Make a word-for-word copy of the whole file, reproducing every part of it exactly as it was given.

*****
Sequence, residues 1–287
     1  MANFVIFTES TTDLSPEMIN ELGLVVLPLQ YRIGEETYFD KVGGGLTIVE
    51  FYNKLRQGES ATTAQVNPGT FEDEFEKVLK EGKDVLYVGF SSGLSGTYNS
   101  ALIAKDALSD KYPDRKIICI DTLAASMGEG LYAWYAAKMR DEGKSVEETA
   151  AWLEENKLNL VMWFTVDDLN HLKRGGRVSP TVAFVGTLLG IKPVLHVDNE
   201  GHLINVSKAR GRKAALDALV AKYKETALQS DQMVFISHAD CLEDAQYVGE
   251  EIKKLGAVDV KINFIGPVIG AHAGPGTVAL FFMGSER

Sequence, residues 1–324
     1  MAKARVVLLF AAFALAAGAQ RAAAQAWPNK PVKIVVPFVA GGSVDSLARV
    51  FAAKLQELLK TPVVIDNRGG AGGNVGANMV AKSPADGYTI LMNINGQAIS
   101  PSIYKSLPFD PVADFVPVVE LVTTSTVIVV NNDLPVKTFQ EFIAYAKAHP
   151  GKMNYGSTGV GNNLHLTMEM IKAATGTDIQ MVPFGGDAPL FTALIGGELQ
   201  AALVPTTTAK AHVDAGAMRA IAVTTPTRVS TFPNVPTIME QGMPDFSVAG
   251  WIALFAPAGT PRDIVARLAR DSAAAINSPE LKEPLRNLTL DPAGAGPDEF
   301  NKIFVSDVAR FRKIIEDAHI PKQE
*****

Sequence, residues 1–287
     1  MANFVIFTES TTDLSPEMIN ELGLVVLPLQ YRIGEETYFD KVGGGLTIVE
    51  FYNKLRQGES ATTAQVNPGT FEDEFEKVLK EGKDVLYVGF SSGLSGTYNS
   101  ALIAKDALSD KYPDRKIICI DTLAASMGEG LYAWYAAKMR DEGKSVEETA
   151  AWLEENKLNL VMWFTVDDLN HLKRGGRVSP TVAFVGTLLG IKPVLHVDNE
   201  GHLINVSKAR GRKAALDALV AKYKETALQS DQMVFISHAD CLEDAQYVGE
   251  EIKKLGAVDV KINFIGPVIG AHAGPGTVAL FFMGSER

Sequence, residues 1–324
     1  MAKARVVLLF AAFALAAGAQ RAAAQAWPNK PVKIVVPFVA GGSVDSLARV
    51  FAAKLQELLK TPVVIDNRGG AGGNVGANMV AKSPADGYTI LMNINGQAIS
   101  PSIYKSLPFD PVADFVPVVE LVTTSTVIVV NNDLPVKTFQ EFIAYAKAHP
   151  GKMNYGSTGV GNNLHLTMEM IKAATGTDIQ MVPFGGDAPL FTALIGGELQ
   201  AALVPTTTAK AHVDAGAMRA IAVTTPTRVS TFPNVPTIME QGMPDFSVAG
   251  WIALFAPAGT PRDIVARLAR DSAAAINSPE LKEPLRNLTL DPAGAGPDEF
   301  NKIFVSDVAR FRKIIEDAHI PKQE